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The Eurovision story with Dave Goodman (3d part) Luxembourg, multiple winner

October 10th, 2022
David Glaser

The Eurovision Song Contest, often criticized for the so-called low artistic quality of its competitors, attracts 160 million viewers and a very large number of users of digital applications. This audience sees the artists perform in a final round and gets votes from a jury and from the viewers. In 2022, Kalush Orchestra won the competition. They come from a country at war, Ukraine.

As per protocol, the next edition must be organized in the country of origin of the winning band. The war prevents the organization of the competition to place its 2023 edition in Ukraine, it is the United Kingdom, which came second that will host the edition next year.

This year, the Swiss public rushed to see Måneskin, an Italian group winner with the song "Zitti e Buoni" in 2021. Over the past few years, the world continues to see Abba in virtual shows or musicals touring the globe of large halls with "Mamma Mia". It was the song "Waterloo" in 1974 that had won the Eurvosion trophy.

There is no doubt that this competition, which was born in Switzerland shortly after the creation of French-speaking television in 1956, and which continues to be conceived and organized from the EBU premises in Geneva (Grand-Saconnex), has a particularity. It unites European nations and others from a little further afield (some are located on the Asian continent).

Eurovision is inspiring other continents with nations that have understood the value of participating in this great celebration of pop music where melody and "soft power" are in unison. But international artistic competition means political and diplomatic decisions, a bit like when the IOC or FIFA have to ask themselves the question of the participation of Russian athletes caught up in a state-led doping policy for the former or the consequences of the choice of a country that does not respect human rights to organize its next World Cup for the latter.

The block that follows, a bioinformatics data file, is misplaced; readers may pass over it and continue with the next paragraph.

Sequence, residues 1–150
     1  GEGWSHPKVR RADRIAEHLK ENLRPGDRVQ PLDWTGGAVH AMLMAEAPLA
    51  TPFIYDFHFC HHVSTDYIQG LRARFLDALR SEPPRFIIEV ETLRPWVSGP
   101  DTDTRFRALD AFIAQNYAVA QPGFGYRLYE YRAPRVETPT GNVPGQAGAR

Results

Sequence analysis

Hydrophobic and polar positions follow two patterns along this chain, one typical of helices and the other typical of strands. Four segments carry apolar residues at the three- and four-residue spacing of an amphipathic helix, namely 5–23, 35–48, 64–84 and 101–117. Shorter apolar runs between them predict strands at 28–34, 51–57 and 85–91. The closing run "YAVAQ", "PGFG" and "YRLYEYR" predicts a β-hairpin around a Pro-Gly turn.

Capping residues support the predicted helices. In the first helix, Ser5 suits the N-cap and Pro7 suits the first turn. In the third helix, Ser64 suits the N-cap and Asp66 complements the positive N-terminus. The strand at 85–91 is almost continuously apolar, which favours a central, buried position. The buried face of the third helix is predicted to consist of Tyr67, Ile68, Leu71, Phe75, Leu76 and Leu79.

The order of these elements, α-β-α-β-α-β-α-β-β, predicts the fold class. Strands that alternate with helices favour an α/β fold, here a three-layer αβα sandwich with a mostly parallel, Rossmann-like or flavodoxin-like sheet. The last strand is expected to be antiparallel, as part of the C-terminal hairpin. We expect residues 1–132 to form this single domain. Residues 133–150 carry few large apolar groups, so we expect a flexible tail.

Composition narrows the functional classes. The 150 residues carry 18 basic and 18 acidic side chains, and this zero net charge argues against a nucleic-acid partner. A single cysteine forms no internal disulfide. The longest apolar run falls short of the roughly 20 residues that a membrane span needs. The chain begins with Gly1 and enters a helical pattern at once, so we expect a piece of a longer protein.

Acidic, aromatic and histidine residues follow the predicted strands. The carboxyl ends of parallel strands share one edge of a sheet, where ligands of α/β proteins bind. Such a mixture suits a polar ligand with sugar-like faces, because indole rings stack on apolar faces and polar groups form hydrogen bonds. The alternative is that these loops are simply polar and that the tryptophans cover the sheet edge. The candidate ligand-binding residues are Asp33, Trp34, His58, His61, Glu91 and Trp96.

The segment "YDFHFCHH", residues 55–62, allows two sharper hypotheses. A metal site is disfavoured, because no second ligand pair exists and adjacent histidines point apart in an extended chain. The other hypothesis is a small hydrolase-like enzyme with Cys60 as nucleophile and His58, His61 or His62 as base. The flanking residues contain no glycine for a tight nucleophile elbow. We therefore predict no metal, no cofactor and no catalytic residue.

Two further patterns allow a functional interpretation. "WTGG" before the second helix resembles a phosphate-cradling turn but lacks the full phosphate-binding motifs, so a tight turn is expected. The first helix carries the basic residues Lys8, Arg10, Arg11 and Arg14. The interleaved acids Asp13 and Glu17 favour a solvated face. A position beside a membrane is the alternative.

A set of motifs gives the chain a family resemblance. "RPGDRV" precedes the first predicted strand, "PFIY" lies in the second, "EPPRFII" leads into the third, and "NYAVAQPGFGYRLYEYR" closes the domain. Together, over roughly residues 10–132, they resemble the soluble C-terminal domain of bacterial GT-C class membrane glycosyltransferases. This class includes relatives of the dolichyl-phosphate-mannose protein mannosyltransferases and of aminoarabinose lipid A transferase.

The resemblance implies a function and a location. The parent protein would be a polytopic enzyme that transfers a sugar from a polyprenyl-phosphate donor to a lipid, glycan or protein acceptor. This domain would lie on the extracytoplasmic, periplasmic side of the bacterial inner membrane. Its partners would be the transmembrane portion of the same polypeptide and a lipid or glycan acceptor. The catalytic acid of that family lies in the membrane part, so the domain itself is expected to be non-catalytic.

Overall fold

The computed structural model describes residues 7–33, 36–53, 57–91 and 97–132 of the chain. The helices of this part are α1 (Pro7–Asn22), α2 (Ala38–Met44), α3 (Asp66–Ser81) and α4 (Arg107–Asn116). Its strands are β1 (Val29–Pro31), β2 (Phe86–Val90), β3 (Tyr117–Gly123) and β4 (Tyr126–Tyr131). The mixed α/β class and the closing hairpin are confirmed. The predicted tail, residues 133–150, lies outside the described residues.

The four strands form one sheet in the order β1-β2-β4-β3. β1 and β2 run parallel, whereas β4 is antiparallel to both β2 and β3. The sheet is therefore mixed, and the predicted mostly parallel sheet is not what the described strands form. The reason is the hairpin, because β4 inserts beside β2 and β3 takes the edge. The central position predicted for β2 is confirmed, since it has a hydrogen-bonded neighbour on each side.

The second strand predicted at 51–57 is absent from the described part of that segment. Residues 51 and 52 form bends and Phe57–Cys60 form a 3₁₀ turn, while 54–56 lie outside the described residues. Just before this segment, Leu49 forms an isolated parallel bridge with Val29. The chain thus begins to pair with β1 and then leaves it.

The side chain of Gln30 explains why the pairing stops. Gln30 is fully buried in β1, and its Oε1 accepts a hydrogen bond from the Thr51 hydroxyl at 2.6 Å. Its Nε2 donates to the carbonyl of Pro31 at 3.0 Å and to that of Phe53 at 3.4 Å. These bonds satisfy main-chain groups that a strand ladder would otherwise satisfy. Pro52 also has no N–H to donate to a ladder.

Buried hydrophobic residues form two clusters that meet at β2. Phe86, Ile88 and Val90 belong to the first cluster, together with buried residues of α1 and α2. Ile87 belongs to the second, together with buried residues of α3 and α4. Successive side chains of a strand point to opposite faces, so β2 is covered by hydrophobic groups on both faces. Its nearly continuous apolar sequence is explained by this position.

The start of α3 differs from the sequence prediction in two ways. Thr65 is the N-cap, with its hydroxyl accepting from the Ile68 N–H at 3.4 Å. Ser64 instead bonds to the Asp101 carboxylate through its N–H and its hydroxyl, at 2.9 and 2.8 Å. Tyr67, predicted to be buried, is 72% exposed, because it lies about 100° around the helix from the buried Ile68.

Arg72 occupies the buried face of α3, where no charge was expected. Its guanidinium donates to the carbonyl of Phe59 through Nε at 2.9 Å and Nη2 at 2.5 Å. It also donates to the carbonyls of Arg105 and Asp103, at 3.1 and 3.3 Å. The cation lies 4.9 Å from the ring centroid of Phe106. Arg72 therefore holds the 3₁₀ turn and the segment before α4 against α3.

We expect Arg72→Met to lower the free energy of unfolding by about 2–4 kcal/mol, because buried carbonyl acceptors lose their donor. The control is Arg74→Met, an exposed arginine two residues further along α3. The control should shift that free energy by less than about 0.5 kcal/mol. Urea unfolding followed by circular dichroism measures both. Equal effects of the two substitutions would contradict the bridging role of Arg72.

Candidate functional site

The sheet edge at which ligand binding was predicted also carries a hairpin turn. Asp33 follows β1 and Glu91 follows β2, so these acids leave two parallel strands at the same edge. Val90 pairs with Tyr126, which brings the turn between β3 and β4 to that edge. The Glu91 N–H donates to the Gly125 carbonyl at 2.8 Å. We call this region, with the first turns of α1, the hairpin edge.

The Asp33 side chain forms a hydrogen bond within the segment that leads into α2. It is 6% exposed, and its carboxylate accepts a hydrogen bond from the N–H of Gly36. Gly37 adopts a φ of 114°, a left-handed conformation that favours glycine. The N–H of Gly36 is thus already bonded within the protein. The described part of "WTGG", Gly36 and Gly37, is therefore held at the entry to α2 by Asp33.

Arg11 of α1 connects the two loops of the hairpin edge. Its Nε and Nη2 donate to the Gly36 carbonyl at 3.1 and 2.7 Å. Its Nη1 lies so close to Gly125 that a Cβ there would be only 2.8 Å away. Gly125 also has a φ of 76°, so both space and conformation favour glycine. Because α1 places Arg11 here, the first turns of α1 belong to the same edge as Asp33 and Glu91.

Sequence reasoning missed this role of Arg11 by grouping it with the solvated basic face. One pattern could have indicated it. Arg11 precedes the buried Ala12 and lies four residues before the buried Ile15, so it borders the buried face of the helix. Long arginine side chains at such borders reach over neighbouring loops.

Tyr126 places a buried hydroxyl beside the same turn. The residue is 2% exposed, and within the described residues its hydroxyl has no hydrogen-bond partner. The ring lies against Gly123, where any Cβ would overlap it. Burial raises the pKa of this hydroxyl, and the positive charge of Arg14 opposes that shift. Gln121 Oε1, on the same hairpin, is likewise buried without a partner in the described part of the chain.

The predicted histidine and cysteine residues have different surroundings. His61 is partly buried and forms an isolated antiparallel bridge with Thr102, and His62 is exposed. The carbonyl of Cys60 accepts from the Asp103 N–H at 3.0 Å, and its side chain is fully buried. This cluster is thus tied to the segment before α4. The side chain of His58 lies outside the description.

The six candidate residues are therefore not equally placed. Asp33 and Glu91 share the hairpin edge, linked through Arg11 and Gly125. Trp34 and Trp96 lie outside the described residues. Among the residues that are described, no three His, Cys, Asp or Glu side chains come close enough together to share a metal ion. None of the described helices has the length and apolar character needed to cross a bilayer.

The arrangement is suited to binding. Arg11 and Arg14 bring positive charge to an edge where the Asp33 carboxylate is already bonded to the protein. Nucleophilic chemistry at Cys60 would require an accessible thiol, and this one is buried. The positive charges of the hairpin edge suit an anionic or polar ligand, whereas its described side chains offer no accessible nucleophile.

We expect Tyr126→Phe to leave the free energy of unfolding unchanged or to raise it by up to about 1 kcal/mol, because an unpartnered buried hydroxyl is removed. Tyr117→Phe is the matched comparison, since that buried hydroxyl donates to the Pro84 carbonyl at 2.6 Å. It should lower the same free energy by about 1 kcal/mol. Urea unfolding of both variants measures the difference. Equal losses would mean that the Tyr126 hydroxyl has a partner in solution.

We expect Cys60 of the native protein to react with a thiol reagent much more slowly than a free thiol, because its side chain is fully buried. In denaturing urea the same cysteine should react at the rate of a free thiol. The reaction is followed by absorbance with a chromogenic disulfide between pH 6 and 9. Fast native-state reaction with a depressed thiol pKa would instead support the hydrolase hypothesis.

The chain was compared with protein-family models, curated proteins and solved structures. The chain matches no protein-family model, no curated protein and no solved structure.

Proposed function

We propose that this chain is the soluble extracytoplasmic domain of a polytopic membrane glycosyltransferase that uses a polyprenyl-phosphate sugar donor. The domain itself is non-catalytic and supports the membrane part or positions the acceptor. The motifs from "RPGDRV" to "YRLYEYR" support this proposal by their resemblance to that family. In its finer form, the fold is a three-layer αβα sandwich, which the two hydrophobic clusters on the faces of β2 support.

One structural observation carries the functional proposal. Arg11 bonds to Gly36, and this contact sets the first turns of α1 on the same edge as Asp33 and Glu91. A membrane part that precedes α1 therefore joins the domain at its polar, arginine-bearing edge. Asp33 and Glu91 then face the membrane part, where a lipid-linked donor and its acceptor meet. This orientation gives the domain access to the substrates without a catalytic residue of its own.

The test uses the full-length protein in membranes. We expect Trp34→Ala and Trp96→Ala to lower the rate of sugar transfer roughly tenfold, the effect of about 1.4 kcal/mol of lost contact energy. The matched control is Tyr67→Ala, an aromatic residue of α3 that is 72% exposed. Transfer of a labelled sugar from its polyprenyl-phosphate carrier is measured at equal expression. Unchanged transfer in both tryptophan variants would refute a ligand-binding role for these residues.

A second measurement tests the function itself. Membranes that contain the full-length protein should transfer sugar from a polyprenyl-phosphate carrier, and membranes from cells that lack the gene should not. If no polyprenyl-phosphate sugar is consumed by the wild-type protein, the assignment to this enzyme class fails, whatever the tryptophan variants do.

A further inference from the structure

Russia's invasion of Ukraine automatically led to the invalidation of a Russian team's participation in Eurovision 2022. It will be the same for the 2023 edition. The importance of Eurovision as a peacemaking competition that enhances the culture of each of the participating countries is not always well understood.

This is an opportunity to tell the story of the competition with an interview of Dave Goodman, the competition's communications lead, a Mancunian who spent several years in the studios of media groups such as the BBC (BBC Radio Manchester, the city where he grew up), Euronews, the international service of Radio Netherlands in Hilversum or the SSR-SRG. He was notably in charge of the production and presentation of the "Morning Show" of World Radio Switzerland (WRS) in Geneva between 2011 and 2013. With his team of columnists and journalists, he contributed to WRS winning the "national radio of the year" award at the Swiss Radio Days in 2012 and 2013.

In this third part, we talk about the fact that countries like Luxembourg, with less than 700'000 inhabitants (even less so before its last participation in 1993), won several times. We also discuss the political aspect of the competition despite its neutral standing point.

To listen to the 4th part, click on this link.

Sophie and Magaly, the Luxembourg Eurovision entry in The Hague, Netherlands (1980)

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